While a snow storm rages, Tom sets off from Belfast by car to collect his sick son at Sunderland University. All flights are cancelled and driving is perilous, but Tom doesn’t have a choice, his son needs help. On his journey through the deserted, snow covered landscape, he reflects on some uncomfortable truths about his family and parenting. Travelling in a Strange Land by David Park, one of Ireland’s most prominent contemporary writers, is a tender, atmospheric read which I highly recommend.
At home is Tom’s wife Lorna, their daughter Lilly and a gaping hole left by the absence of their other son Daniel. Daniel’s recklessness and thrill seeking have rocked the very foundation of family life and spiralled Tom into a depression.
I loved the sensitive way Park portrays Tom, a frustrated photographer whose job it is to take photos of happy family occasions. He struggles with self-confidence, tries to keep his family together, strives to be excited by his job but knows deep down he could have done something more challenging. Doubts lurk in the back of his mind. Is Daniel really his son? Is he subconsciously treating him differently? Where did it all go wrong? What could they have done differently as parents?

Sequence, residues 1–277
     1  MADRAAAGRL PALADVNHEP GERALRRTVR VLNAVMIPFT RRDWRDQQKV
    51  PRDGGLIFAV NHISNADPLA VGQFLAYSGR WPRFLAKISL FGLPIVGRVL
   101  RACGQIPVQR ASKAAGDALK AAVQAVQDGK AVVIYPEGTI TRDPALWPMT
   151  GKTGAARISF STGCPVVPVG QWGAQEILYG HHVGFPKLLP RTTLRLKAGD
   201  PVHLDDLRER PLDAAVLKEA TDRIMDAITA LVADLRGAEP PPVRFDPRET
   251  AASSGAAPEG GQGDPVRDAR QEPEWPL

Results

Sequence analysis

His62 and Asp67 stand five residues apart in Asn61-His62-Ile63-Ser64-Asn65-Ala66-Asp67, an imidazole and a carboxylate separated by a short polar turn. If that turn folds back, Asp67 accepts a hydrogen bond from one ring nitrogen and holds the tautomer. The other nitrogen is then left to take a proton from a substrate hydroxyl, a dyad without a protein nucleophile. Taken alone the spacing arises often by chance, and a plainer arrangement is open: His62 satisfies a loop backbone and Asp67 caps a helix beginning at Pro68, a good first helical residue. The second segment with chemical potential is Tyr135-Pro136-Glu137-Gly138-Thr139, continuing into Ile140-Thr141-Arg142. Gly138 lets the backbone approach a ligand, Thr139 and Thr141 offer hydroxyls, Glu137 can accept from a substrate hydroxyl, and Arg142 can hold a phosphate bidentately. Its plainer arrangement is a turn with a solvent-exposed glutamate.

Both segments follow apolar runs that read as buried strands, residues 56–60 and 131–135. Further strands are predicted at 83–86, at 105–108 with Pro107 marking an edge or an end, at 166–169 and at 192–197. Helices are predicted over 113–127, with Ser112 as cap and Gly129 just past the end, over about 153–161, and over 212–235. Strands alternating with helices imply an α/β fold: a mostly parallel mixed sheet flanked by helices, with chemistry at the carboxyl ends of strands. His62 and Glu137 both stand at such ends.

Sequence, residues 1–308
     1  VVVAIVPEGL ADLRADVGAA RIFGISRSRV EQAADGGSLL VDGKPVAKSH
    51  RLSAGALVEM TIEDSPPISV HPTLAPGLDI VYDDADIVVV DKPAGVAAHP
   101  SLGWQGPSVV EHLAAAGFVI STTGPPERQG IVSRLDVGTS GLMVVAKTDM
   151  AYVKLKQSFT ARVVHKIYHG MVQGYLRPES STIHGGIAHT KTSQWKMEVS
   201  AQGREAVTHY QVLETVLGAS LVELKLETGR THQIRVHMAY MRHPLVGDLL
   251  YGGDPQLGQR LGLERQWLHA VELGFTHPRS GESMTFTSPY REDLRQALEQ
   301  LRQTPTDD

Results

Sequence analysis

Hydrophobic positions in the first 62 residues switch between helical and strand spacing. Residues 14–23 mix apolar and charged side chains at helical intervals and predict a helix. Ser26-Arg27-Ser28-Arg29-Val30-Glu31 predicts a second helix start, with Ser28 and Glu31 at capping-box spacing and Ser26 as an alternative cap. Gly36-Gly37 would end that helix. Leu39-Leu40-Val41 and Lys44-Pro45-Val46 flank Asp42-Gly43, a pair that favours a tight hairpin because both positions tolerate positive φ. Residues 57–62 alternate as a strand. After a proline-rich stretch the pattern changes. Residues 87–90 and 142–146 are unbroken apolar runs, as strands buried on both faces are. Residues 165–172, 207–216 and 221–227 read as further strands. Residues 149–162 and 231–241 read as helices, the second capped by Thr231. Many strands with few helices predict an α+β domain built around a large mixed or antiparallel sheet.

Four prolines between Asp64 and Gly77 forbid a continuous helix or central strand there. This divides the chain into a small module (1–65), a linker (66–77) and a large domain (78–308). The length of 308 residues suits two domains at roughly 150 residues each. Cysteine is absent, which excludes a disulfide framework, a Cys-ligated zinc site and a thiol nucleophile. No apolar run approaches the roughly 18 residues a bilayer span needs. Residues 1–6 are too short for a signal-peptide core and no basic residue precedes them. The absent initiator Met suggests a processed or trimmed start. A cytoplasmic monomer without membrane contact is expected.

[…] bringing up a child isn’t like driving this car where I have the voice to guide me and, despite the snow, the tracks of other cars, signals to tell me when to stop and when to go. Instead what you have is a kind of blizzard of conflicting and confusing ideas, where despite thinking you know the best direction to take, it soon becomes obvious that you’ve lost your way…
I found this book incredibly moving. Park’s story tugs at your heart. As any parent will know, raising a child is no easy task. You make mistakes without even realising, and when you do, it often too late to rectify. As Tom has found out, there is no satnav for parenting.
Travelling in a Strange Land by David Park is published by Bloomsbury, 139 pages.